2009 – Issue 12

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  • Canola Responding to Better Conditions

    Canola Responding to Better Conditions Timely rains over the past week and weekend brought moisture to many parts of western Canada. This, along with seasonal temperatures resulted in the canola crop progressing nicely. Earliest seeded fields are in the 20% to full bloom stage and re-seeded fields are 4-leaf to bolting. Many areas report adequate […]

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  • Patchwork of Yellow

    Crop growth and development progressed quite well last week with most of the crop in western Canada in the flowering stage (20% to full bloom). Earliest seeded fields are beginning to pod and re-seeded fields are at or near bolting. All areas continue to report that the canola crops are ‘stagey’ – a wide range […]

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  • Hail Again

    Thunderstorms last week and over the weekend brought hail to a number of locations. Mid-season hail damage not only causes physical injury on the plant but is also a concern for disease access. The hail wounds on the plant can provide points of entry for disease pathogens such as sclerotinia stem rot, alternaria black spot […]

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  • Canola Flowering – Time to Evaluate Sclerotina Risk

    Canola fields in early flower are now being assessed for risk to sclerotinia stem rot infection to determine if a fungicide application will be economical. Remember many factors affect the risk of infection including: heaviness of the crop canopy, amount of moisture in the two weeks prior to flowering and potential for further rainfall, years […]

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  • How to Apply a Fungicide with Variable Stages

    This year has certainly been challenging for canola production and, as a result, crop staging is wide ranging in some fields. Should a fungicide be applied now when the oldest plants flower or later with the later-flowering plants? Each field should be assessed individually for risk of infection from sclerotinia stem rot.  A few things […]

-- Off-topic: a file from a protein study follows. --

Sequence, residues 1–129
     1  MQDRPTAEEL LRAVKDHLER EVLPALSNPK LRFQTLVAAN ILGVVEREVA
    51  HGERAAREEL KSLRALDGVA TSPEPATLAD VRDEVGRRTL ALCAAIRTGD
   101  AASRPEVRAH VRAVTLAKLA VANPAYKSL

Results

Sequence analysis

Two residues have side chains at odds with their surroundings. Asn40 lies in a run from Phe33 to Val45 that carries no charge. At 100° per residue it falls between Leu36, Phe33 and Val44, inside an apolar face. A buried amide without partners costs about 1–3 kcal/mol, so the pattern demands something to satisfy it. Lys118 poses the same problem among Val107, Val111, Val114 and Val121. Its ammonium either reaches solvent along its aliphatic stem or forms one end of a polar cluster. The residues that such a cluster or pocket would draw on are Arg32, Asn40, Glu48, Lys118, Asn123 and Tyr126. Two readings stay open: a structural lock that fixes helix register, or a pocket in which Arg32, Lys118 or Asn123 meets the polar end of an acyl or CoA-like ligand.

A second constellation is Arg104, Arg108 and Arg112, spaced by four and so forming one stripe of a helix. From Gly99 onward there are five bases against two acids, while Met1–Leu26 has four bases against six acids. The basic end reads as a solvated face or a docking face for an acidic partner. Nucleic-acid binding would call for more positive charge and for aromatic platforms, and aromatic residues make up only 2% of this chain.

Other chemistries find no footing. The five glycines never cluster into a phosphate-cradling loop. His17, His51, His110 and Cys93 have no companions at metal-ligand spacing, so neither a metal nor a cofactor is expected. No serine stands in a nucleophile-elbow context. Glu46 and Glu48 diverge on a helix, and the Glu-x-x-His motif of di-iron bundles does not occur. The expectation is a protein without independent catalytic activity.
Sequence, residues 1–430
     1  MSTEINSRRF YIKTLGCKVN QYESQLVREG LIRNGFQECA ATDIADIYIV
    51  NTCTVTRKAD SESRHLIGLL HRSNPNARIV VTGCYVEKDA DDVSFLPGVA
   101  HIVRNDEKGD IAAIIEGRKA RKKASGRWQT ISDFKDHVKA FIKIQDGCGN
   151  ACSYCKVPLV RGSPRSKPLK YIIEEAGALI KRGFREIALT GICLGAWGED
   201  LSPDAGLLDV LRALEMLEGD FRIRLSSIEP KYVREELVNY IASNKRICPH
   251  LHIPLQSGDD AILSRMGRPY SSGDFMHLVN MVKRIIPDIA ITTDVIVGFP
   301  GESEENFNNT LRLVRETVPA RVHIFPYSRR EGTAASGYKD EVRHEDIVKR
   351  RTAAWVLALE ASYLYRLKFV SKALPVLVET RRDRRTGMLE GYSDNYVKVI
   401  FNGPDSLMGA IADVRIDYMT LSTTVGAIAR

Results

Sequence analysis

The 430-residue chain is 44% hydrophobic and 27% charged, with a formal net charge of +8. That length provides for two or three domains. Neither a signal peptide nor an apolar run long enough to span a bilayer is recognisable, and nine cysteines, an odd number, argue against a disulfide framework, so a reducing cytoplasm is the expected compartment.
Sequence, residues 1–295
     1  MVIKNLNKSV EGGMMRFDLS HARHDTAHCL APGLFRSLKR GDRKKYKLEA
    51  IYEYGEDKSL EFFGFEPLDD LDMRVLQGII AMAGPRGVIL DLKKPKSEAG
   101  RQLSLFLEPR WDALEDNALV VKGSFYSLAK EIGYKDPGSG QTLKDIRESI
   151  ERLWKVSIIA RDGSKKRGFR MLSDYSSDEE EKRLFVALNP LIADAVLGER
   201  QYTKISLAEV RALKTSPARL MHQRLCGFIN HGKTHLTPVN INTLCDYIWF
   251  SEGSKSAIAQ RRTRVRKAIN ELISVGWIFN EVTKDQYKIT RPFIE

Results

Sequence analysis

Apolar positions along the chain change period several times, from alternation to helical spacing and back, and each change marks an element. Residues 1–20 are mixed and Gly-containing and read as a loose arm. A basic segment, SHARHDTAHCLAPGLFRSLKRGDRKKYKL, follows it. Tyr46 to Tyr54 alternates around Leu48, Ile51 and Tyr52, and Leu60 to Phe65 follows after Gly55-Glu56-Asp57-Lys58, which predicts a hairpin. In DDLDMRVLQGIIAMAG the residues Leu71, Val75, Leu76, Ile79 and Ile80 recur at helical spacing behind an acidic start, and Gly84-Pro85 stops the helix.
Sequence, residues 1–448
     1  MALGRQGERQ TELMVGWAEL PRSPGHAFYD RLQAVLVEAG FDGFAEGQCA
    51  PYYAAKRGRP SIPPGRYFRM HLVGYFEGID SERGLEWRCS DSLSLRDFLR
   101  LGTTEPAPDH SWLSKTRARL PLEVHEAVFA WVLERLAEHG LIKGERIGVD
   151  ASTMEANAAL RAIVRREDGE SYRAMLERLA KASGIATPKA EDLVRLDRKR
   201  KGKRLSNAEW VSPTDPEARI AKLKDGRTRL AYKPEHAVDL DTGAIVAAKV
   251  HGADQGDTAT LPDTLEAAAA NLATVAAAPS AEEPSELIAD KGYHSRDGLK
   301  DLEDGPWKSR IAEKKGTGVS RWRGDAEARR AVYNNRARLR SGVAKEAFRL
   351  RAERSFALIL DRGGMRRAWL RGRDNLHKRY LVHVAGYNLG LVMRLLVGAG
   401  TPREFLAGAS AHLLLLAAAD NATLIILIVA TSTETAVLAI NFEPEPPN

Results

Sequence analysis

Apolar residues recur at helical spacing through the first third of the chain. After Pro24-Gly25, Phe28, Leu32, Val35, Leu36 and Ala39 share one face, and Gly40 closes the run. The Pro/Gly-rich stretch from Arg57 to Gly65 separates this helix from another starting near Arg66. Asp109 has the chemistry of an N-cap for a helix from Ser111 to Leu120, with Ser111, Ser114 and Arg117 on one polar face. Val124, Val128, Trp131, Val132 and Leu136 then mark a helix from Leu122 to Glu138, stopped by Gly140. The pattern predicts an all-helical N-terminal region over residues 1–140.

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  • Insects Found – Still Monitoring

    Diamondback moth larvae have been observed in the Lethbridge area but populations are below economic threshold and are being monitored. The economic threshold for diamondback moth in canola is 100 to 150 larvae per m2 in immature and flowering fields or 200 to 300 larvae per m2 in flowering and podded fields. Scott Hartley, Saskatchewan […]

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  • Suspicious Bud Bouqueting – Thrips to Blame?

    A number of reports of ‘bud bouqueting’ were received from fields in southern and central Alberta where flower clusters develop in the centre of the rosette without bolting. The internodes on the primary branch are shortened and, as a result, the buds appear within the centre of the rosette. A number of factors can cause […]

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  • Keep Malathion OUT of Canola Bins

    As bins are prepared for the coming harvest, keep in mind that using malathion on canola seed or in canola storage bins will result in detectable levels of malathion residue because malathion has a strong attraction to the oil in canola seed. Consequently, malathion can move into canola seed from storage bin walls. Detection of […]

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  • Opportunity to Support Canola Research

    Dan Johnson at the University of Lethbridge is looking for cooperators to participate in field research for a bio-pesticide for grasshopper control in canola. Information on the pesticide is available at the following link: http://people.uleth.ca/~dan.johnson/metar.htm. A field test would generally fit into 25 acres of infested crop. Growers with grasshoppers in canola who are interested […]

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  • BC Tour on Wednesday July 22

    The BC Grain Producers tour is scheduled for Wednesday July 22 at 5 pm at the Dawson Creek site.  

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Canola Watch